A life given back to God as an offering is what stewardship is all about. Stewardship is not about money it is about life itself. Time and life are far greater treasures than money and possessions. God wants you 1st and foremost! A godly steward knows that god owns him and everything he has.

He who lays up treasures on earth spends his life backing away from God’s treasures. To him, death is loss. He who lays up treasures in heaven looks forward to eternity; he's moving daily toward his treasures. To him, death is gain. He who spends his life moving away from his treasures has reason to despair. He who spends his life moving toward his treasures has reason to rejoice. Is the passing of time causing you and me to despair or rejoice?

God's kingdom was the reference point for these men. They saw all else in light of the kingdom. They were compelled to live as they did not because they treasured no things, but because they treasured the right things.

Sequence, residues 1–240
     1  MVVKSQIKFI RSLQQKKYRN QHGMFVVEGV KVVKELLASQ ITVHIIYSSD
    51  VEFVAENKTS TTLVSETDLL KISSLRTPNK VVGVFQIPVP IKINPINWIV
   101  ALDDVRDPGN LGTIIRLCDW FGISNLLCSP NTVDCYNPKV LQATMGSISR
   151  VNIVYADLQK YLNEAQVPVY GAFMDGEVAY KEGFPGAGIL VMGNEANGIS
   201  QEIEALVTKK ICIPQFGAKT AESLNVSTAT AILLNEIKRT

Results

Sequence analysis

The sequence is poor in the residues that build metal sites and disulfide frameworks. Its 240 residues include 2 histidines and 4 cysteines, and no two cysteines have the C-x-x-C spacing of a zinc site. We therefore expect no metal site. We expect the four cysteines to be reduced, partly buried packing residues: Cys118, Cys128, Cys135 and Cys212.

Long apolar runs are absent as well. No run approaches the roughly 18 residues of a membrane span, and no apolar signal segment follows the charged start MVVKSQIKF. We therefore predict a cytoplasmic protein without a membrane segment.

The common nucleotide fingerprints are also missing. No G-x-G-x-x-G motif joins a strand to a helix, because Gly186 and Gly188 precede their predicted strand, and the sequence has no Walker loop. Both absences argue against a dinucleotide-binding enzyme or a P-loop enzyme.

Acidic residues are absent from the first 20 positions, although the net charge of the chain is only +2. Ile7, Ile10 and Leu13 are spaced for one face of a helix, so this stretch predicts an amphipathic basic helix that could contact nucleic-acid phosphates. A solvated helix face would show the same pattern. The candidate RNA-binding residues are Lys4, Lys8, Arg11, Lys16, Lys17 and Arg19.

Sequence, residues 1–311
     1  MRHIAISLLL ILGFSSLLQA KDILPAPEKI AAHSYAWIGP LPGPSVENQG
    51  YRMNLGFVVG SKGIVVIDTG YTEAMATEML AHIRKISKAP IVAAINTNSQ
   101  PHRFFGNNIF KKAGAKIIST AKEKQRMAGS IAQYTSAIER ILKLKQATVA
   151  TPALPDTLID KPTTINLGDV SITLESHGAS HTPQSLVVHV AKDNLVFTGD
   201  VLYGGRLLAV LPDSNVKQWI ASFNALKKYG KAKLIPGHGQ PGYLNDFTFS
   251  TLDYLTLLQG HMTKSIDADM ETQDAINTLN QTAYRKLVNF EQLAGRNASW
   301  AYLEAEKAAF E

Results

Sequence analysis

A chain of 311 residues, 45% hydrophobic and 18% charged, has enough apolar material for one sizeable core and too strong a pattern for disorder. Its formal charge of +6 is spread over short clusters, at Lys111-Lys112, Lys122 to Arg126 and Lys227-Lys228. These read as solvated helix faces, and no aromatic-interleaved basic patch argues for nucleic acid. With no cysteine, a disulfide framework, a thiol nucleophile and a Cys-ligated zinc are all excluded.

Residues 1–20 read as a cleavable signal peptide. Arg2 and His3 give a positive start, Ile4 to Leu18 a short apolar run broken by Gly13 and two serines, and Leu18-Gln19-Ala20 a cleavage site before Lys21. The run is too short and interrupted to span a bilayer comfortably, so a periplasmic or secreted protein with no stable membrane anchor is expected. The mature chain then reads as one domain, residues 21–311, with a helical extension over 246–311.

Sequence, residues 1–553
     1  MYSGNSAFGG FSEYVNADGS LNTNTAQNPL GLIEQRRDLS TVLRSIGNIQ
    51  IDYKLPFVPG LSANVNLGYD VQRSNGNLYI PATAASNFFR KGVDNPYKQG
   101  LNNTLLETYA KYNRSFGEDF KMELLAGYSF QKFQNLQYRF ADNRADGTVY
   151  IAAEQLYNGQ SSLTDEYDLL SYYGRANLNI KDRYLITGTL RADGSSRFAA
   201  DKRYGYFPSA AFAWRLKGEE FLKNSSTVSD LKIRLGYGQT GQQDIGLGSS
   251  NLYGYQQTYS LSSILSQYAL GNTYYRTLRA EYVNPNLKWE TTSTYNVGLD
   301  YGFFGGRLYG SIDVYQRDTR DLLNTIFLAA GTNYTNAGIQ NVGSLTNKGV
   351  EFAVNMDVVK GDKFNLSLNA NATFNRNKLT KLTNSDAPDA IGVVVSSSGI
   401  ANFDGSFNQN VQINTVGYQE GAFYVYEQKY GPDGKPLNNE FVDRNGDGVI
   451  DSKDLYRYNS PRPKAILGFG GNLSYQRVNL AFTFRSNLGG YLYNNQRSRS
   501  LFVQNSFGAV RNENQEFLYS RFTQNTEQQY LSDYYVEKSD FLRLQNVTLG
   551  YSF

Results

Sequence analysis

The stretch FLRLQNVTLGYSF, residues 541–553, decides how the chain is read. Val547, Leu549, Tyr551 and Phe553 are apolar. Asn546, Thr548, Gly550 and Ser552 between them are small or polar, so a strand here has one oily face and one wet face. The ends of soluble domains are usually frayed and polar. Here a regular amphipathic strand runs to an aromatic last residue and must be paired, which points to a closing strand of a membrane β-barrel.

We often miss something in missionary martyr Jim Elliot's famous words, "He is no fool who gives what he cannot keep to gain what he cannot lose." We focus on his willingness to go to the mission field. That willingness started when he relinquished his hold on things as MINE!

5. Evangelism The consistent discipline of sharing the gospel is foundational in the Christian life and is a key expression of the virtues of faithfulness, wisdom, and thankfulness. Therefore, the virtuous Christian makes it a habit to be sharing the gospel with various people, doing it with graciousness and love and in a variety of ways suitable to the circumstances. Thus a maturing disciple of Christ has a clear understanding of what the gospel is and what it is not. Further, he/she has experienced the gospel’s life transforming power and are constantly learning new methods for sharing it. They have disciplined themselves to search the scriptures so as to give careful answers in evangelistic discussions. They have a habit of thinking through the gospel and its relationship to unbelievers.